Here's what WhatsApp users face if they don't opt-in to the new Privacy Policy by May 15th

Here's what WhatsApp subscribers face if they don't opt-in to the new Privacy Policy by May 15th
WhatsApp is not planning on making any changes to its new Privacy Policy and users must opt-in to the update by May 15th. In an email from WhatsApp to one of its merchant partners that was seen by TechCrunch, WhatsApp will "slowly ask" users to agree to its new terms. Those who do not comply with the new terms will lose full functionality of WhatsApp starting on May 15th. Those subscribers not agreeing to the new policy by that date will face a punishment. In its newly posted FAQ page, WhatsApp says, "To give you enough time to review changes at your own pace and convenience, we’ve extended the effective date to May 15th. If you haven’t accepted by then, WhatsApp will not delete your account. However, you won't have full functionality of WhatsApp until you accept. For a short time, you'll be able to receive calls and notifications, but won't be able to read or send messages from the app. By "a short time," WhatsApp means "for a few weeks."

After May 15th, you can still accept the updates although WhatsApps rules regarding inactive users will apply. Those rules say that after 120 days of inactivity, accounts are usually deleted. And if you do decide to delete your WhatsApp account, there is a price to pay. The WhatsApp Help Center says, "If you’d like to delete your account on Android, iPhone, or KaiOS, we hope you reconsider. It is something we cannot reverse as it erases your message history, removes you from all of your WhatsApp groups, and deletes your WhatsApp backups."

So what is this whole thing about? WhatsApp has been forced to update its privacy policy after deciding that it will allow users to directly message businesses on its platform. The problem is that there is a grave misunderstanding with some subscribers believing that by agreeing to the new Privacy Policy update, WhatsApp users will be sharing their personal data with Facebook. But this is not true and private messages will remain encrypted from end-to-end. This won't be the case for messages sent to businesses over WhatsApp. Data used in business messages can be used for ad targeting with some data kept on Facebook's servers.

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WhatsApp once described end-to-end encryption in this way: "Strong encryption acts like an unbreakable digital lock that keeps the information you send over WhatsApp secure, helping protect you from hackers and criminals. Messages are only kept on your phone, and no one in between can read your messages or listen to your calls, not even us. Your private conversations stay between you."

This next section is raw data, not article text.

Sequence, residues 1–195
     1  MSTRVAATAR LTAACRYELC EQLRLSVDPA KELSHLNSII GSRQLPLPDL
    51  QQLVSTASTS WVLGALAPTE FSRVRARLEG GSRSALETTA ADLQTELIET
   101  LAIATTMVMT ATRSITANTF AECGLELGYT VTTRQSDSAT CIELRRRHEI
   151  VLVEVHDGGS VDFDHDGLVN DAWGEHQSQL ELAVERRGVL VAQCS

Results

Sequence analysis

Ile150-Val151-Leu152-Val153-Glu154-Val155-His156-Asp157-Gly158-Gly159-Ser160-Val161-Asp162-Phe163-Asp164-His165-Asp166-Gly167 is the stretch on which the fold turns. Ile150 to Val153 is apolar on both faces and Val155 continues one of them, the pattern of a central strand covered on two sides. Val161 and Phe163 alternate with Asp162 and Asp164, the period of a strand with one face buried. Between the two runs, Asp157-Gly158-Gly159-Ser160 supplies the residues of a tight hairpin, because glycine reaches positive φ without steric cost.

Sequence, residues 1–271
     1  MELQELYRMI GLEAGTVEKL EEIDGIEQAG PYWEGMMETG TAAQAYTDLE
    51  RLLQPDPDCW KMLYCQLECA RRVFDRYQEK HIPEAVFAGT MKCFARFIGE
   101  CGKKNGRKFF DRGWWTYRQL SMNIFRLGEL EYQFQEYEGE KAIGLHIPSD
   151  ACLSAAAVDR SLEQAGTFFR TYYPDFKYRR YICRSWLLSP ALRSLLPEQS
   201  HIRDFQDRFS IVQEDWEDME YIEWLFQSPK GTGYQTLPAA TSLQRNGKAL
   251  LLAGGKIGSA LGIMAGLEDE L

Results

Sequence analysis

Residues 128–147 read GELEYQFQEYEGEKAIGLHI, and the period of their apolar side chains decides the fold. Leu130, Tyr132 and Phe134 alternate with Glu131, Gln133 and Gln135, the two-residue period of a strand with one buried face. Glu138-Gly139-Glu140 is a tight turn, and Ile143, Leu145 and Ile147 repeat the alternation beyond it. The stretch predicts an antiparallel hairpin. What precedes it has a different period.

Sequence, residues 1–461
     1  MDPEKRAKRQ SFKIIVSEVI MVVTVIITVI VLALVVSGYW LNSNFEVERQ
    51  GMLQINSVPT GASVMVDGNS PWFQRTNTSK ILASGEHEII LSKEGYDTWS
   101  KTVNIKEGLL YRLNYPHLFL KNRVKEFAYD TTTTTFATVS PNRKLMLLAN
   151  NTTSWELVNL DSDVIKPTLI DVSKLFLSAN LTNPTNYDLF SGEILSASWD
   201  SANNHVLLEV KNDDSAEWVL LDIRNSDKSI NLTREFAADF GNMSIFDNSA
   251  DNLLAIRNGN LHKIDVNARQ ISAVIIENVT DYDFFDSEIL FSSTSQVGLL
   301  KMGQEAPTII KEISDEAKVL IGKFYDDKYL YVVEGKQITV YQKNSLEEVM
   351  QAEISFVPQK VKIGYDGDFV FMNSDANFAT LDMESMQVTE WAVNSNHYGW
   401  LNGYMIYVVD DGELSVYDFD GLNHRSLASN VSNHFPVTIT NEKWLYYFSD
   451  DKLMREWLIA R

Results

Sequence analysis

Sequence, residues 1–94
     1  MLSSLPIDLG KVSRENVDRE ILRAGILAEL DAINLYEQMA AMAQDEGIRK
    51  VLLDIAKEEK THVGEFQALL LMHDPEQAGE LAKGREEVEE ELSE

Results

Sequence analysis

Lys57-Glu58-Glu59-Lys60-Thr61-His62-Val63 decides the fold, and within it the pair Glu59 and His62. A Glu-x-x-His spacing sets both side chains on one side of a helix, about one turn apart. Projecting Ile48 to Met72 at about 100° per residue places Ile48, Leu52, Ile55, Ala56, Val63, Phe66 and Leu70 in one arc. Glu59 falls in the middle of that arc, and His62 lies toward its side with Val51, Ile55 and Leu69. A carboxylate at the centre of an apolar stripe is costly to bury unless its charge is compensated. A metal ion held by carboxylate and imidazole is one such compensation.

The misplaced belief that Facebook was getting to see encrypted messages between WhatsApp users led a number of subscribers to make the decision to leave WhatsApp for rival messaging apps like Signal and Telegram. But had users understood that their personal messages remain encrypted, the rush for the exits would not have happened. Talking about the confusion and the mistaken beliefs about Facebook, a WhatsApp spokesman said, "We’ve heard from so many people how much confusion there is around our recent update. There’s been a lot of misinformation causing concern and we want to help everyone understand our principles and the facts." So in the weeks leading up to the May 15th deadline, WhatsApp is going to post an in-app banner that will allow users to re-read about the new privacy update so that they will accept the changes allowing them to continue using the app. An image of that banner accompanies this article.

The new privacy policy will allow WhatsApp and Facebook to share payment and transaction data to target ads better. For the last five years, WhatsApp has shared user phone numbers and device information with Facebook.  The latter bought WhatsApp for a final price north of $19 billion in February 2014. WhatsApp has over 2 billion users in over 180 countries.

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